That’s the difference in the number of NBA regular-season coaching victories for Popovich, a five-time NBA champion with the San Antonio Spurs, and Donovan, who will make his NBA coaching debut for the Oklahoma City Thunder on Wednesday night.
Welcome to the league, rookie.
Donovan said he’s excited about the game and respects Popovich, but he is focused on the process more than anything. He said he won’t have any trouble sleeping the night before the opener.
"Eighty-two games is a lot of games," Donovan said Tuesday. "Every game, at that moment in time, is going to be big. Right now, we’re in October, it’s the first game of the year."
He’ll start that process against the Spurs, who have added LaMarcus Aldridge and David West to star mainstays Tim Duncan, Tony Parker, Manu Ginobili and Kawhi Leonard.
No NBA team has more victories over the last 20 years than the Spurs. Regular season, postseason, doesn’t matter, they’re atop the list.
And now they’re even winning in the offseason.
Getting Aldridge to sign over the summer was a coup for the Spurs, who for whatever reason typically aren’t the team landing the biggest prize on the free-agent market.
So a team that went to the NBA Finals in 2013, won the title in 2014 and posted 55 wins a season ago now looks even better, maybe better than ever.
"Over the years we’ve missed out on a bunch of people," Duncan said. "It’s kind of the first time that we’ve gotten a guy of this caliber. I was floored by it."
The Thunder have their own addition – sort of – with Kevin Durant back after breaking his right foot last season and playing just 27 games. Donovan said Durant has no minutes restrictions, but the bigger concern is long-term fatigue, and that might lead to fewer minutes for Durant, who has ranked among the league leaders in minutes for most of his career.
"I think the biggest thing for all the guys is helping all those guys be efficient," Donovan said. "Clearly, I think when you absorb so many minutes, fatigue can become a real factor and become a real issue."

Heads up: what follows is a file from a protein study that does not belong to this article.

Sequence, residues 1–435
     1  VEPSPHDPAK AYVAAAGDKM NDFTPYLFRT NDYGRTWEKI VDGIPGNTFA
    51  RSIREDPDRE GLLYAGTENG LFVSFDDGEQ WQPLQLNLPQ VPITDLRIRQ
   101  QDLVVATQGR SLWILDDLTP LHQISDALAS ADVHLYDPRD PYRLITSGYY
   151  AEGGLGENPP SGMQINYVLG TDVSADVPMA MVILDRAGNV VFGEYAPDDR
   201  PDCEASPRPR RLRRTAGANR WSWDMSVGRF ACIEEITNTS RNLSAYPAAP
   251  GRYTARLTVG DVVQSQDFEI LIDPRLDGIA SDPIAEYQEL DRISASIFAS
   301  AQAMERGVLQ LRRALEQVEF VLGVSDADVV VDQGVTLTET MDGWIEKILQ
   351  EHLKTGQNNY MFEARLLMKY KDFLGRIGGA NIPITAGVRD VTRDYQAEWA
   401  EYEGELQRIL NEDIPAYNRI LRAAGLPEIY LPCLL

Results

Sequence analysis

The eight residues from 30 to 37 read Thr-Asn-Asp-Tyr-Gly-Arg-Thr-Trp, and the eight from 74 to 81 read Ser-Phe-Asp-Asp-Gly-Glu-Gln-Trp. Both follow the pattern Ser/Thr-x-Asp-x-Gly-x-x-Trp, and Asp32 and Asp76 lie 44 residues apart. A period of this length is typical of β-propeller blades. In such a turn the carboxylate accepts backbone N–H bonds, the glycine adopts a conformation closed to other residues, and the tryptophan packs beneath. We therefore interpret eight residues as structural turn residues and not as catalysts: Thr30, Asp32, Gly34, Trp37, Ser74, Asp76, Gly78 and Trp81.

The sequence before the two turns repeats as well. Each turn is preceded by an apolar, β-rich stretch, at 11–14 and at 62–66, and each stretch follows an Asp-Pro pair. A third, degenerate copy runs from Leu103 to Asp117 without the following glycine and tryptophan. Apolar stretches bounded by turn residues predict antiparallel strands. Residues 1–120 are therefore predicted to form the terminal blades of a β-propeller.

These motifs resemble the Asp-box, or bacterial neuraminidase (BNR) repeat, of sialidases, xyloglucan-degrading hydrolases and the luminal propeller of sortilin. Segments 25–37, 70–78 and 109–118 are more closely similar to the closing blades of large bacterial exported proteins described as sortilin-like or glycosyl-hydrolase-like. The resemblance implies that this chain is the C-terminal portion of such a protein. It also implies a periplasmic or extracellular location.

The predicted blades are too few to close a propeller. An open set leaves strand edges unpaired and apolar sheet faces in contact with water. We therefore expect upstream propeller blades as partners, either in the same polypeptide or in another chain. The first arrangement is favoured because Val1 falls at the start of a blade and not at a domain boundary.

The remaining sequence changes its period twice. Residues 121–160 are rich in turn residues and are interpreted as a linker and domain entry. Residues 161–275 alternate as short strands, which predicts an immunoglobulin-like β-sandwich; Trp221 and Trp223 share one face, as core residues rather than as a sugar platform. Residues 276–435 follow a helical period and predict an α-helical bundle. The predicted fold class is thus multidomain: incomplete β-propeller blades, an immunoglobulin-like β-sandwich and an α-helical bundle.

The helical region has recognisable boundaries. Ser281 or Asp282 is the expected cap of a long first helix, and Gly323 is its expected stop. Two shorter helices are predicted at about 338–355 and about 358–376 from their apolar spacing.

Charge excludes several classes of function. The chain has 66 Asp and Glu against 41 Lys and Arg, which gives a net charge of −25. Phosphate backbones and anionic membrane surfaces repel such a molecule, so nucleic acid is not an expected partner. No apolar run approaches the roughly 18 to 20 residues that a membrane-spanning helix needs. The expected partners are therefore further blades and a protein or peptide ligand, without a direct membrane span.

Durant can become a free agent after next season, leaving precious little time to build a relationship with Donovan. It’s off to a good start.
"It’s been fun," Durant said. "I enjoy him. Great basketball mind, but more so, a better person. We’ve hit it off since the beginning. Just excited to play for him."
If the preseason is an indicator, Donovan will be fine. The Thunder went 5-1 and were unbeaten in games Durant and Russell Westbrook played in.
Westbrook, the 2014-15 scoring champion, said Donovan’s no-nonsense style works.
"He keeps it real," he said. "I think he lets you know exactly what’s going on. He doesn’t let nothing slip between the cracks. He makes sure everybody’s aware of what’s going on, whether it’s good things or bad things. Everybody knows, and everybody’s on the same page."
The Western Conference is loaded again, starting with the reigning NBA champion in Golden State. The Thunder missed the playoffs in coach Scott Brooks’ final season despite winning 45 games – the No. 8 seed in the East, Brooklyn, had 38 victories.
But expectations around the Spurs – who lured West away from Indiana while also keeping 2014 Finals MVP Leonard and Ginobili around as part of their big summer – couldn’t be higher, and Aldridge is already buying into San Antonio’s simple but proven way of thinking.
"Guys come in, they work hard, they go home," said Aldridge, an All-Star in each of the last four seasons. "Guys here are focused."
Aldridge also got some preseason exposure to another Spurs tradition – resting players when they need it, with hopes of having them freshest when things matter most. When Aldridge had some tightness in his thigh during camp, Popovich insisted he take the day off.
"He didn’t want to do it," Popovich said. "Well, welcome to the Spurs. Go sit."
San Antonio took two of three meetings last season after beating the Thunder in six games in the 2014 conference finals.